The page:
Thirty-four years ago this weekend, China’s communist dictators sent tanks into Tiananmen Square to end seven weeks of student-led protests pushing for democratic reforms. Secret cables sent at the time from Beijing by the British ambassador put the death toll at “at least 10,000.”
Even after such a repugnant display of brutality, some liberal journalists absurdly compared the event to American transgressions. “Will the military leaders there [in China] be embarrassed by this, will this be something like Kent State was for our military?” CBS reporter Eric Engberg wondered three days after the massacre, as if the Red Army and their communist masters would experience remorse for the lives lost.
“Thousands may have been gunned down in Beijing, but what about the millions of American kids whose lives are being ruined by an enormous failure of the country’s educational system,” former NBC anchor John Chancellor weirdly argued in a “commentary” later that month about a long-forgotten report on middle schools from the Carnegie Council on Adolescent Development. “We can and we should agonize about the dead students in Beijing, but we’ve got a much bigger problem here at home,” Chancellor declared.
The bloodbath temporarily derailed the media narrative that China was shifting towards a freer, more capitalistic society. “This is a vastly different China,” CBS’s Dan Rather informed viewers in February 1989, three months before the massacre. “A huge portrait of Mao still hangs from the front gate of the Forbidden City. Mao’s successor’s have kept the picture, but discarded the policies.”
It took a few years, but reporters eventually returned to the idea that it was capitalism, not barbarism, which was the real threat in China. In February 1997, talking about Deng Xiaoping’s modernization push, CNN’s Mike Chinoy asserted that “the burst of development brought with it many of the evils the communists had sought to eradicate: corruption, inflation, a growing gap between rich and poor.”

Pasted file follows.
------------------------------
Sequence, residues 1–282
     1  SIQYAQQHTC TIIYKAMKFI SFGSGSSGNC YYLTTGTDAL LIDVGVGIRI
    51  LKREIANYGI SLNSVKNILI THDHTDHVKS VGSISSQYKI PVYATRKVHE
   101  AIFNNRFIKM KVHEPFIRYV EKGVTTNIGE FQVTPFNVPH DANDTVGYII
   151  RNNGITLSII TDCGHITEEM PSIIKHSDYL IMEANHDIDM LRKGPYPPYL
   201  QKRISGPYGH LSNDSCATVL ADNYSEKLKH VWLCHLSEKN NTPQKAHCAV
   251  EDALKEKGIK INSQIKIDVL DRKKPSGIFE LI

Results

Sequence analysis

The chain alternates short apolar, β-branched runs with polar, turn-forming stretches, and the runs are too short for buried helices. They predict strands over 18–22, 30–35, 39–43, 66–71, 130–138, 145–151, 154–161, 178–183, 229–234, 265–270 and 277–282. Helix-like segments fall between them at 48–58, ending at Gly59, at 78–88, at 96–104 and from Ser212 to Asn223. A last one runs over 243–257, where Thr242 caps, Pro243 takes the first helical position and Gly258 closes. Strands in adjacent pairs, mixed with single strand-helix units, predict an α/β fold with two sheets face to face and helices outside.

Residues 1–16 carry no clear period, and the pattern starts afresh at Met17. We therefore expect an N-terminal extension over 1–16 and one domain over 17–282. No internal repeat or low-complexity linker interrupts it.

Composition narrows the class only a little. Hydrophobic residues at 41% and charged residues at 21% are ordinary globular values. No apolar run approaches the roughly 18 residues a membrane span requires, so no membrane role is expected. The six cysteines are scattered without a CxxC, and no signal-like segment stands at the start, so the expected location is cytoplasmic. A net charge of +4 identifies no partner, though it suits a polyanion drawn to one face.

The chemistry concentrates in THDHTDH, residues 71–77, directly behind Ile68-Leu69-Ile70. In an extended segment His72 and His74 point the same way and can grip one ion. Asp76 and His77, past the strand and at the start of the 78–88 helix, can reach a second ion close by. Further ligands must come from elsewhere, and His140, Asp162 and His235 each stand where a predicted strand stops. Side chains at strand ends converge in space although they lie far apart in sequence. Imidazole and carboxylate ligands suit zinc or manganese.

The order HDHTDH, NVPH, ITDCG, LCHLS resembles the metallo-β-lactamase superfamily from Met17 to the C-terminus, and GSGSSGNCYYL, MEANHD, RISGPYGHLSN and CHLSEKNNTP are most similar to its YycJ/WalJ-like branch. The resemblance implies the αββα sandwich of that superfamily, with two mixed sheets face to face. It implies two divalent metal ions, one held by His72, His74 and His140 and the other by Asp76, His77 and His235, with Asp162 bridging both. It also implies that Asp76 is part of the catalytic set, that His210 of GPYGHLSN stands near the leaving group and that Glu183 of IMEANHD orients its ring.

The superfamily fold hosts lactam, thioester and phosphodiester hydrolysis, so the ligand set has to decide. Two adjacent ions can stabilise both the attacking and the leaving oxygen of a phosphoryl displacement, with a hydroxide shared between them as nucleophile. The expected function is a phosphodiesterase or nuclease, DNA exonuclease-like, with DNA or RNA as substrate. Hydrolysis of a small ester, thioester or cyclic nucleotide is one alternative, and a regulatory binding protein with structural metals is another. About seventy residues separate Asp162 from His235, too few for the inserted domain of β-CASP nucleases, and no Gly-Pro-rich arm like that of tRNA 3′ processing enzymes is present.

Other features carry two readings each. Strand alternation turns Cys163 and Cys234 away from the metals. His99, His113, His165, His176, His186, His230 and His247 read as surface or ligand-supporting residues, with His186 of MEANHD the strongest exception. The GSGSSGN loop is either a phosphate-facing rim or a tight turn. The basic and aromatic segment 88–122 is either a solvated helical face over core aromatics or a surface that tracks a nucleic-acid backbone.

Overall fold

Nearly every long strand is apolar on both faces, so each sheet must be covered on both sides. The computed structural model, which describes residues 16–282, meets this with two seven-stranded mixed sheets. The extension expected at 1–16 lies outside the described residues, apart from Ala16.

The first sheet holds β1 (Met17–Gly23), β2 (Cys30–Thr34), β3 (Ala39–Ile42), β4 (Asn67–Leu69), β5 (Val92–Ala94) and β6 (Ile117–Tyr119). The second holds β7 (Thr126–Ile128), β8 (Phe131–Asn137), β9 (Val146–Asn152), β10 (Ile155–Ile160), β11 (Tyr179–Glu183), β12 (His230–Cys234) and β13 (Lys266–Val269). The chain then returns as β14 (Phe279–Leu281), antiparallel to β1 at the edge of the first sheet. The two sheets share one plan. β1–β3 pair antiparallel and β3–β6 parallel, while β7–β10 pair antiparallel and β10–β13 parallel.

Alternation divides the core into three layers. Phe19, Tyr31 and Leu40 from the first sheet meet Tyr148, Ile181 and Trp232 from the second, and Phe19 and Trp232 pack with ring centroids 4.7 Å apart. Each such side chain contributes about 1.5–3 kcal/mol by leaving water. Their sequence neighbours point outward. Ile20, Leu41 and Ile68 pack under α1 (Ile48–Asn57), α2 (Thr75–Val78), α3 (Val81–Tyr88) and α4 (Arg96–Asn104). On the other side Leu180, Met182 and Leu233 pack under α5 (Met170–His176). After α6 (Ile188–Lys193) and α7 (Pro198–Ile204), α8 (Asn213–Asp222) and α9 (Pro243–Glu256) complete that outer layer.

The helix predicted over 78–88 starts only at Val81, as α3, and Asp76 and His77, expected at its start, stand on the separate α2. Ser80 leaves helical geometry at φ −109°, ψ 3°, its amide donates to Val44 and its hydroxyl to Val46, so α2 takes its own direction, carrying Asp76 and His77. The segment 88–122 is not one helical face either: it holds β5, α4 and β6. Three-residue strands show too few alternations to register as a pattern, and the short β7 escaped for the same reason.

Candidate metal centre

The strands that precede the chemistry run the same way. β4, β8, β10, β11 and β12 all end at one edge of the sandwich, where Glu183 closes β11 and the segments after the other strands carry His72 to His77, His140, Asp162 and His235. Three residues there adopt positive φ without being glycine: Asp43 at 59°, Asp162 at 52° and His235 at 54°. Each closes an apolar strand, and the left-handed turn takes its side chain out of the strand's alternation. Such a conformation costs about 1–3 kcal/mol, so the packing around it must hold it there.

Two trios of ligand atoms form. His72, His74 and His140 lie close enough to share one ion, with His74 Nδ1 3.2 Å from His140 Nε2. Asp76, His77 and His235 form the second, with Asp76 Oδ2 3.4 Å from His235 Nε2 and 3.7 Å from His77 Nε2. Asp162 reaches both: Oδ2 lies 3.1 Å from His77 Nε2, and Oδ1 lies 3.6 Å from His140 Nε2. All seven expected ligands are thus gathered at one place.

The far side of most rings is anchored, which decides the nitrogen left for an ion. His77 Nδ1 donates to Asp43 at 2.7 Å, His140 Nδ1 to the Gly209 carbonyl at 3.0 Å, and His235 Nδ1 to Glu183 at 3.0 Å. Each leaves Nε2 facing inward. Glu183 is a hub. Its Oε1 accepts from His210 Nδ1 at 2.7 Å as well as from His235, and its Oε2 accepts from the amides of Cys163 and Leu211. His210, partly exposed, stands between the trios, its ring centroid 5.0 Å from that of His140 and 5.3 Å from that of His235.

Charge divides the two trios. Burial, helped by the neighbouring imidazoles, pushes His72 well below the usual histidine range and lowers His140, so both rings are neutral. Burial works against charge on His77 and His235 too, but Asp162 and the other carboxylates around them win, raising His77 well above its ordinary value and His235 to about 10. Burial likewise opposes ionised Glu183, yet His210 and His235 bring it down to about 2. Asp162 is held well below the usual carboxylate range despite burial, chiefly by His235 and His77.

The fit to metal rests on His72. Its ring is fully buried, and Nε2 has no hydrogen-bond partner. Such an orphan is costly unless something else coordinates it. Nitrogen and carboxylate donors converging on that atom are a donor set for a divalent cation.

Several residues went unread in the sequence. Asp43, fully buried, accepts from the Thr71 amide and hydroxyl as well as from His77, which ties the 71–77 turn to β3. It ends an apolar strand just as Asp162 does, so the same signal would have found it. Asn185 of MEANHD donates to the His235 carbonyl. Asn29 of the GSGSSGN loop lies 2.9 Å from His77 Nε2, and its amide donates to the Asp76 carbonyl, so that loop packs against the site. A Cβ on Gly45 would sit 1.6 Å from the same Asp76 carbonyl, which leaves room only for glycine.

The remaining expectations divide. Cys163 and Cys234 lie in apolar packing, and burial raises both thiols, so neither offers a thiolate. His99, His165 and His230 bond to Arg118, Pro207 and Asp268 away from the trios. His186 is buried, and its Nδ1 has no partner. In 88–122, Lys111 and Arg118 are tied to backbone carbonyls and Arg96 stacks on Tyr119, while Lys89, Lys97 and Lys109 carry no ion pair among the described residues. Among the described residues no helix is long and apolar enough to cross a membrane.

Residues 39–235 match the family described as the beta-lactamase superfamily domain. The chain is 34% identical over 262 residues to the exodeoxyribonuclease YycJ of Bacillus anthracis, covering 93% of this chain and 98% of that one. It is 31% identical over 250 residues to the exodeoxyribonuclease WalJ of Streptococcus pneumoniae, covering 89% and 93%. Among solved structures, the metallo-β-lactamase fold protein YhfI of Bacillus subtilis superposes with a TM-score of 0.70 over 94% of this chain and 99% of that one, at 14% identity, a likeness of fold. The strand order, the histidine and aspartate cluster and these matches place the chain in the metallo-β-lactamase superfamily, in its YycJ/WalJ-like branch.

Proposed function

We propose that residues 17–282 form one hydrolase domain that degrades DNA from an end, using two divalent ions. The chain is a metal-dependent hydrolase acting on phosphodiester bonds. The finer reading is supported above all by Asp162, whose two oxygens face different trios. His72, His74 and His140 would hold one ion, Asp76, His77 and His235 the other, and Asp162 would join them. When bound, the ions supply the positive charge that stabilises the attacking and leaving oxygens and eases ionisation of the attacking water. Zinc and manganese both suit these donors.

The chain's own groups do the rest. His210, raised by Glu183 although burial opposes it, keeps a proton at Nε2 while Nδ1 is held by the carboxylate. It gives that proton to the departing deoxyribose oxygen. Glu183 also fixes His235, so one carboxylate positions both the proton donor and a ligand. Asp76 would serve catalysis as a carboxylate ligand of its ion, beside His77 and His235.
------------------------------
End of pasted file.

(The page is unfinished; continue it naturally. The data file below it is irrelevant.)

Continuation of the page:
The following month, Newsweek’s Bill Powell similarly claimed that “for all of China’s economic success, much of the vast country is still either desperately poor or suffering from the excesses of runaway capitalism — or both.”
Western journalists sounded like party ideologues as they scolded the Chinese leadership for permitting the economy to function somewhat normally. “A thin layer of the top of Chinese society has made tons of money, but the masses have been left behind,” Dan Rather griped in June 1997.
“In the good old days, the Communist Party found a job for everyone. Now young people have to fend for themselves,” NBC’s Chris Billing fussed on the February 13, 2000 NBC Nightly News. In 2001, a New York Times headline blared: “Workers’ Rights Suffering as China Goes Capitalist.”
Reporters displayed an amazing gullibility for anecdotes that made the Chinese communists look like geniuses. “From designer clothes to new cars, China is getting rich. Democracies once bragged that theirs was the only way to economic success. China is doing it the communist way,” CBS’s Barry Petersen cheered on The Early Show in 2008. “An American polling company asked Americans and Chinese what they thought about the direction of their country. About 23% of Americans said they were satisfied, but an astonishing 86% of Chinese said they’re happy with where their country is going.”